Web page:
Meta prepared to abandon Illinois journalism if forced to pay local publishers

A new bill in Illinois called the Press Preservation Act (SB 3591), currently before the state Senate, would require online companies to pay local news publishers for work viewed by residents on their platforms.

This follows in the footsteps of national laws in Canada, Australia and California. As in those cases, Meta said it would pull news from the state’s platforms if the bill becomes law.

Meta spokesperson Jamie Radice said edge News via email is not why most people access Facebook and Instagram, and if the law passes, “we will be forced to make the same business decision as Canada to stop providing news in Illinois.”“. We asked Google for comment, but it had not responded by press time.

Under the bill, tech platforms such as Meta and Google would be required to “track and record each month” the number of times their platforms link to, display or otherwise expose eligible online publishers’ works to Illinois residents. Reporting Requirements of the Act. The companies will then pay each publisher a “news royalty” equal to 1% of advertising revenue for that period within 10 days of the end of the month.

The bill calls local journalism “key to sustaining civil society” and says it provides “a deeper level of information unmatched by national media,” but notes that “over the past 10 years, newspaper advertising has decreased by 66%, and newsrooms The staff has also been reduced by 66%.” down 44%. ” It said it was “vital” that they “receive fair compensation for the content they create and distribute”.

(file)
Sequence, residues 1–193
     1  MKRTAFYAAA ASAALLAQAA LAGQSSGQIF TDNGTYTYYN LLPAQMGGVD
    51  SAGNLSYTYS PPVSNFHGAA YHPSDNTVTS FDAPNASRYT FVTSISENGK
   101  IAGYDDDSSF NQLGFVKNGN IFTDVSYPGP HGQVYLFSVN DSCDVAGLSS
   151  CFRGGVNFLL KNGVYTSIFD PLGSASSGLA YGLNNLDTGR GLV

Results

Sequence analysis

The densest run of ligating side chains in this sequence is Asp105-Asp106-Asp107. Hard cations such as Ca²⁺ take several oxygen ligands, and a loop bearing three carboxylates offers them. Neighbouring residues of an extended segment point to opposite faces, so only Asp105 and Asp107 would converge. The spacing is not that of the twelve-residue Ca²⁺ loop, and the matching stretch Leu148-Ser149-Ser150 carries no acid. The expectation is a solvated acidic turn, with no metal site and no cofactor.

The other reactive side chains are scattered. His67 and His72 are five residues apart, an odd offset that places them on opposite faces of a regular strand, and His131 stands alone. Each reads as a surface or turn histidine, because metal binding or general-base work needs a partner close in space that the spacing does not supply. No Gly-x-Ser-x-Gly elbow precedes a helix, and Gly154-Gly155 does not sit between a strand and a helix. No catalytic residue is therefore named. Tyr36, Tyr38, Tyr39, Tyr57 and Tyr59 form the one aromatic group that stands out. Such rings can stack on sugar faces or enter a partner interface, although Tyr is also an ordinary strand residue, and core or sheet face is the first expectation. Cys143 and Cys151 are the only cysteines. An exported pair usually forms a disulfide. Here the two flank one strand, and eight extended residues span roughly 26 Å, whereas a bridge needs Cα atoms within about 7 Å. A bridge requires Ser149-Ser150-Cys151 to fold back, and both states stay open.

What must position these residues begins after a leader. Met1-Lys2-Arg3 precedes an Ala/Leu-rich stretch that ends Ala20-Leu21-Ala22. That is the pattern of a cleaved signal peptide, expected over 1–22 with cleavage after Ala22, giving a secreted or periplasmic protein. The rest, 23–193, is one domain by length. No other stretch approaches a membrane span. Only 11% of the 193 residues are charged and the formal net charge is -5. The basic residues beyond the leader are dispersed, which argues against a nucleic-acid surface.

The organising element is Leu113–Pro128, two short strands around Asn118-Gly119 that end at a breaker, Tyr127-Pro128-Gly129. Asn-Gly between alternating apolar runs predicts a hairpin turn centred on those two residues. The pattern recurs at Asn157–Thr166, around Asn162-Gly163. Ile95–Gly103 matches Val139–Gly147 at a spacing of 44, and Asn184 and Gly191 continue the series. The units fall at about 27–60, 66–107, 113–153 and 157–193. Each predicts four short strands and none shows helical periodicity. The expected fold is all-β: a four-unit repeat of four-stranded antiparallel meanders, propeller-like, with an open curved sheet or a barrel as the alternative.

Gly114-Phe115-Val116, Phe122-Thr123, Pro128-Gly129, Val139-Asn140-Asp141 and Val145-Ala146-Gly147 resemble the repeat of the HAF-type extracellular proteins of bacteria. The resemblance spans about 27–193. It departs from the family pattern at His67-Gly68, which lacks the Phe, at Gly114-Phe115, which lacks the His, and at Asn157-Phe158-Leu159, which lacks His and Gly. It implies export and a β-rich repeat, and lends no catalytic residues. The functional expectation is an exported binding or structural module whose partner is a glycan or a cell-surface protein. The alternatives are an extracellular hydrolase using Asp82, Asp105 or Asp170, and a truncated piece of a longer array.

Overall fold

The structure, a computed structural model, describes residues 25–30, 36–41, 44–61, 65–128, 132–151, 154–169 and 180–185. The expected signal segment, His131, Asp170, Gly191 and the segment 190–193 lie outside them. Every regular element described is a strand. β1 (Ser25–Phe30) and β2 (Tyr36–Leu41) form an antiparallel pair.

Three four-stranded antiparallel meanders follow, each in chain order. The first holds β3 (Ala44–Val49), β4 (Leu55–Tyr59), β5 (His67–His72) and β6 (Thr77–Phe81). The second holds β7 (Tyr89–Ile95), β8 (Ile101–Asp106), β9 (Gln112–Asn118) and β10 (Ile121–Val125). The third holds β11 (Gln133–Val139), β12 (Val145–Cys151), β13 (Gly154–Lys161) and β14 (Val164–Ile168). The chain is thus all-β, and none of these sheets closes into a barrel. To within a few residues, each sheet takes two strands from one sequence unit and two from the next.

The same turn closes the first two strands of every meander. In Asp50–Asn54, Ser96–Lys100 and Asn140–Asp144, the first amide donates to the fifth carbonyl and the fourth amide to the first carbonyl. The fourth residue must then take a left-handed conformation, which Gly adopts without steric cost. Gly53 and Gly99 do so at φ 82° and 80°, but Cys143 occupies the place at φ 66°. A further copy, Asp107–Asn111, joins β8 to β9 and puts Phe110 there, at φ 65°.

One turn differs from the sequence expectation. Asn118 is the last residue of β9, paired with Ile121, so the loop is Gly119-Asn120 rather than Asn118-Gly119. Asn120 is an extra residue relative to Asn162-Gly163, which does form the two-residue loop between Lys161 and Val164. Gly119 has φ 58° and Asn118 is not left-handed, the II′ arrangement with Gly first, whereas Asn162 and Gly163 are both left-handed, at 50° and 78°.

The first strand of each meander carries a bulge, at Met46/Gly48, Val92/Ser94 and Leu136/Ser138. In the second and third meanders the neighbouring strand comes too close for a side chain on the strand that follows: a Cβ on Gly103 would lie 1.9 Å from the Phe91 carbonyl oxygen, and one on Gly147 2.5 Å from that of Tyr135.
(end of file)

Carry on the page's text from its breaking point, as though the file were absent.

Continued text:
CNN reached out to Illinois Sen. Steve Stadelman, the bill’s sponsor, for comment on Mehta’s statement, but a spokesperson said he couldn’t immediately be reached.

Stadelman said in a press release from the News/Media Alliance that he sponsored the bill because “the future of local journalism is at stake,” calling it critical that Illinois residents have access to it. The bill is similar to California’s Press Protection Act, which also requires platforms to pay local publishers, but was delayed after Meta threatened to block local news.

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